Watch Piquet's Singapore crash
Former Renault driver Nelson Piquet Jr and his father, three-time champion Nelson Piquet, have won a libel case against Renault at the High Court.
Renault had accused the pair of "false allegations" and an "attempt to blackmail the team" surrounding events at the 2008 Singapore Grand Prix.
But Renault were later found guilty of fixing the race by asking Piquet to crash to help Fernando Alonso win.
Renault have apologised to the Piquets and paid them substantial damages.
The "crash-gate" scandal rocked Formula 1 in the summer of 2009 after Piquet revealed he had deliberately crashed in Singapore to help his team-mate Alonso win the 2008 race.
The Brazilian's revelations came after he had been
sacked by Renault
following a string of poor performances.
Renault reacted by accusing Piquet and his father of making false allegations, adding that it was part of a blackmail attempt with the aim of "allowing Mr Piquet Jr to drive for the remainder of the 2009 season".
Piquet's claims prompted an investigation by motorsport's governing body, the FIA, and less than two weeks after launching
against the Piquets, Renault were found guilty of race-fixing.
The team were handed a
two-year suspended ban
from F1 while team boss Flavio Briatore was given a lifetime suspension, which was later reduced to a
ban from the sport until 2013.
It didn't work out and I'm not going to keep begging and putting in money to drive
Responding to their High Court victory the Piquets revealed that they regarded the High Court's decision as a step towards closure on the "crash-gate" controversy.
Their lawyer Dominic Crossley said in a statement: "Today the Renault Formula 1 team apologised in the High Court for defaming my two clients, the motor racing father and son Nelson and Nelsinho Piquet.
"They were both treated appallingly by Renault F1 when they dared to reveal the scandal to the governing body.
"Nelson Piquet dominated F1 during the early 80s and his reputation as a motorsport legend should remain untarnished by this saga. F1 has been deprived of the best of Nelsinho and it is to its detriment that his talent is now being demonstrated elsewhere.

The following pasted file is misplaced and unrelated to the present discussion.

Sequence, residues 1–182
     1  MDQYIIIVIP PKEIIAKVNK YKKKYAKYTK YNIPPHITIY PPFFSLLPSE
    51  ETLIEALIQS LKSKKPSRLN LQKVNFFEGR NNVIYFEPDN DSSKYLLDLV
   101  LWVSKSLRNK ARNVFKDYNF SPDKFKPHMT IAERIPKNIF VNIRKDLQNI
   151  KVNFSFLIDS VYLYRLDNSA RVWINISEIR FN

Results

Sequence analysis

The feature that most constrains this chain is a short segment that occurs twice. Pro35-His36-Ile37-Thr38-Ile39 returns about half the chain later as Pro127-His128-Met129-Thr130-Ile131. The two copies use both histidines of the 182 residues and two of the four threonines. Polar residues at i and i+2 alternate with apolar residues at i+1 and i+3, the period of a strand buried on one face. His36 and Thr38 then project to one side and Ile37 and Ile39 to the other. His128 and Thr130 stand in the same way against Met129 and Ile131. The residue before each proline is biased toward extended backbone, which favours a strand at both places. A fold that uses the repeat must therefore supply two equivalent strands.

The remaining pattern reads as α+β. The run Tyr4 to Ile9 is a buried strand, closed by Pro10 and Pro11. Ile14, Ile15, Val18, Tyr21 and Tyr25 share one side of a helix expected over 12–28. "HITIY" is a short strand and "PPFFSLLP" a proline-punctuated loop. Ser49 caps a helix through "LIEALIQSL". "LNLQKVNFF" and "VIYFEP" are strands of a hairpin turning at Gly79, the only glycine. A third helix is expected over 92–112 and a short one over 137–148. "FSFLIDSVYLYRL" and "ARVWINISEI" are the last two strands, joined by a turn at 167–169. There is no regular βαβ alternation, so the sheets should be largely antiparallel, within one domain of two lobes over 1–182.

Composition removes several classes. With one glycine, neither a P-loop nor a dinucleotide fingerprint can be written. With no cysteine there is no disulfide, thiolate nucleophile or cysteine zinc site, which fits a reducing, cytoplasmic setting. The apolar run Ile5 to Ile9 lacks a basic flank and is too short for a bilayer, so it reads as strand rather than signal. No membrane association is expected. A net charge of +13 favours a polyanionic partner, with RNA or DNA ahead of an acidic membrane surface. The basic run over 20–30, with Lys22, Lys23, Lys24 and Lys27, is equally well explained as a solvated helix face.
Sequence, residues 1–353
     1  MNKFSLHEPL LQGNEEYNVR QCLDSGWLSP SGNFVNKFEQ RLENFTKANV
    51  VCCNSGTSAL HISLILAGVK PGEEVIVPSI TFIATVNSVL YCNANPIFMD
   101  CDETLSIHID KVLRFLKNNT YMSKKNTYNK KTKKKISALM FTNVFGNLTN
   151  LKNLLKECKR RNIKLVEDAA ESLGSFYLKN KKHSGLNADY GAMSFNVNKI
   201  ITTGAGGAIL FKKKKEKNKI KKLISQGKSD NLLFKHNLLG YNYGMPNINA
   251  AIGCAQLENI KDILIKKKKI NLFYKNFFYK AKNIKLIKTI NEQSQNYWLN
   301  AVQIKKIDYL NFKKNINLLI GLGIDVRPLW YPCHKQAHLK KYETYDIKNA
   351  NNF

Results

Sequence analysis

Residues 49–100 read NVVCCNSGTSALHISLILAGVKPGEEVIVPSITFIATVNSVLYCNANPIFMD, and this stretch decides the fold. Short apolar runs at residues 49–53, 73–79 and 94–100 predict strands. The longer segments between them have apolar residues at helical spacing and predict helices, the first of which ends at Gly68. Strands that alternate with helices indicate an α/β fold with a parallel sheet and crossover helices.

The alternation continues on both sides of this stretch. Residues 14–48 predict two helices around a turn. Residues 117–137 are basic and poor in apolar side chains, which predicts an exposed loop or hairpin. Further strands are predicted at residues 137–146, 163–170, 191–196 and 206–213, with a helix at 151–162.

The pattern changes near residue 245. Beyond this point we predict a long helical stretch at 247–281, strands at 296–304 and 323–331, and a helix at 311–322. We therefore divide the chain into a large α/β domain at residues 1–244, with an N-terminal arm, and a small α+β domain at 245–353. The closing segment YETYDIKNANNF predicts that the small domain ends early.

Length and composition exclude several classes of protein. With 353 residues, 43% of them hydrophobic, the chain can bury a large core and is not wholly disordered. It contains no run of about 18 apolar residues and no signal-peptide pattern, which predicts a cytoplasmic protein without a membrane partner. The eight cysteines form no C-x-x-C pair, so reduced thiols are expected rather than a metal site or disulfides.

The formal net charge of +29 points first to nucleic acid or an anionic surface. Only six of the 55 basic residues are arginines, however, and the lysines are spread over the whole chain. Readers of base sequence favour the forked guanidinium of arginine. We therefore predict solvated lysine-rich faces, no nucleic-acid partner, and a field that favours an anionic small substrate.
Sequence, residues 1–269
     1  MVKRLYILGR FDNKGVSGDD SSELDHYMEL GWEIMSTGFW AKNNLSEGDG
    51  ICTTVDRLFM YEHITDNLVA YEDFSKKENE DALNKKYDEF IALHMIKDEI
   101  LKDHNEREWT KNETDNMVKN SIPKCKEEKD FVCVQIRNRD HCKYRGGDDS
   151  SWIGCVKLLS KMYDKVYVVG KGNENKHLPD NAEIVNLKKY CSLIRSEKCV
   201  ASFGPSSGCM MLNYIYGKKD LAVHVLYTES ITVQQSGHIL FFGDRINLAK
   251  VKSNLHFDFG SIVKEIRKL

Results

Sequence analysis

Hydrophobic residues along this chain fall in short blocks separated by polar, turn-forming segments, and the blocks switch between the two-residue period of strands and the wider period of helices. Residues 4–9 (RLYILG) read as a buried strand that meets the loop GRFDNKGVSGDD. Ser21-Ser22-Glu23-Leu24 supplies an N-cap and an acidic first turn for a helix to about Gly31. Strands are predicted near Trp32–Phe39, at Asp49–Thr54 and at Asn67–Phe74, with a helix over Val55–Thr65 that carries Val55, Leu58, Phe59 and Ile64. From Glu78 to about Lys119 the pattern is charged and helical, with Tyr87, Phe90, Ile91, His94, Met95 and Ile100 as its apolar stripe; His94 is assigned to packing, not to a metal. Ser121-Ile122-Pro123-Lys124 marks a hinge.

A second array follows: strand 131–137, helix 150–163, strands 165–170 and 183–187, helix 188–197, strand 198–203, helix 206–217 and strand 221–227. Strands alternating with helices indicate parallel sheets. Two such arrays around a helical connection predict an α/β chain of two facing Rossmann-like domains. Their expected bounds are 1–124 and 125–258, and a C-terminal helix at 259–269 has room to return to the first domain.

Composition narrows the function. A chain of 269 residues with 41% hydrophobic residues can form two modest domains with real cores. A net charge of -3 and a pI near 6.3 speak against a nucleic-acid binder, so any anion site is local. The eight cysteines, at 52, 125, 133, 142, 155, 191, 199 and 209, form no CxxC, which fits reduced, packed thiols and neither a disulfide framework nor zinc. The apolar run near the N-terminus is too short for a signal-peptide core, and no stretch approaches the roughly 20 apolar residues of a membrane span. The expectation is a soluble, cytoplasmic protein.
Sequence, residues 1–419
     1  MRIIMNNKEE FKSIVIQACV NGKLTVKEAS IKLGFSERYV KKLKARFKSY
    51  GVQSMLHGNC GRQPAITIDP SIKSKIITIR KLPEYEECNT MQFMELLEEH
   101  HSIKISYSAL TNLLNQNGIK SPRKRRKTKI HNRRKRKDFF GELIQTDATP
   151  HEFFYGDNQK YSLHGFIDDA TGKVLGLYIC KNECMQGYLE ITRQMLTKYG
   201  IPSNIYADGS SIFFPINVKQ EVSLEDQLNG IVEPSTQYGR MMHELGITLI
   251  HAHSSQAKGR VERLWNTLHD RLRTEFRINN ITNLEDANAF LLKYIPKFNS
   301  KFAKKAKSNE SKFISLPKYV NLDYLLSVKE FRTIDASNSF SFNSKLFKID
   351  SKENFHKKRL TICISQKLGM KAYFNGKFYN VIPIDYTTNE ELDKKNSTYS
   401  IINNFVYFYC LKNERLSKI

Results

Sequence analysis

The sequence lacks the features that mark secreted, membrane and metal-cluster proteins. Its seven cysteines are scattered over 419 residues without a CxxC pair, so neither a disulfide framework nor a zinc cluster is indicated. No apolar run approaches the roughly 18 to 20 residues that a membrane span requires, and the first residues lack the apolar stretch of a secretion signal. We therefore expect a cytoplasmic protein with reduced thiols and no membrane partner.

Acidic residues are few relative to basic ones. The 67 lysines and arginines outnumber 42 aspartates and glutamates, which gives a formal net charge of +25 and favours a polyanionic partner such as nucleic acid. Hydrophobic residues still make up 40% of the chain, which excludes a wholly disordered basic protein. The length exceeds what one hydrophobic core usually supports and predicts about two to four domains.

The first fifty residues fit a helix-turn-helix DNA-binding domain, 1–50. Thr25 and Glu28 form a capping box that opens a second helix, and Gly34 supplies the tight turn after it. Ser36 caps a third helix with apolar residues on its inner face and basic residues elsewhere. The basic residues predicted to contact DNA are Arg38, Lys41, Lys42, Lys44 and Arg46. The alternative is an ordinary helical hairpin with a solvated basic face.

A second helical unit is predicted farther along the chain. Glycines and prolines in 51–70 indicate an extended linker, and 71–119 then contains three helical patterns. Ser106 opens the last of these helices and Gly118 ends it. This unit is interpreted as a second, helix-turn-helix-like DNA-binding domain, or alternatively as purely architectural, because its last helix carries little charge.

"Whilst neither of them should ever have had to prove Renault F1's allegations false they are both delighted with the successful conclusion of the case.
"This marks the start rather than the end of the long journey they are both taking to correct many of the wrongs that took place during last year's 'crash-gate' scandal."
Renault issued an apology in response to the High Court decision which stated: "The team accepts that the allegations made by Nelson Piquet Jr were not false.
"It also accepts that Piquet Jr and his father did not invent these allegations in order to blackmail the team.
"As a result, these serious allegations contained in the press release [on 11 September 2009] were wholly untrue and unfounded, and the Defendant now withdraws them unreservedly.
"The Defendant is here through its lawyer in order to apologise to the Claimants unreservedly for this regrettable publication.
"As a mark of its apology and regret, the Defendant has agreed to pay the Claimants substantial damages and costs, as well as not to repeat these allegations at any time in the future."
The scandal tarnished Piquet Jr's reputation in F1 and, even though he was not punished by the FIA for his role in the events of
2008 Singapore Grand Prix,
he was unable to find a team willing to revive his F1 career.
The 25-year-old Brazilian, who now races in the American Nascar Series, described the High Court decision as "better late than never".
He added on a possible F1 return: "F1 is F1. You don't just go in when you want to. It didn't work out and I'm not going to keep begging and putting in money to drive."
Renault have also moved on from the scandal with the French car company
selling 75% of the team
to Luxembourg-based investment firm Genii Capital at the end of 2009.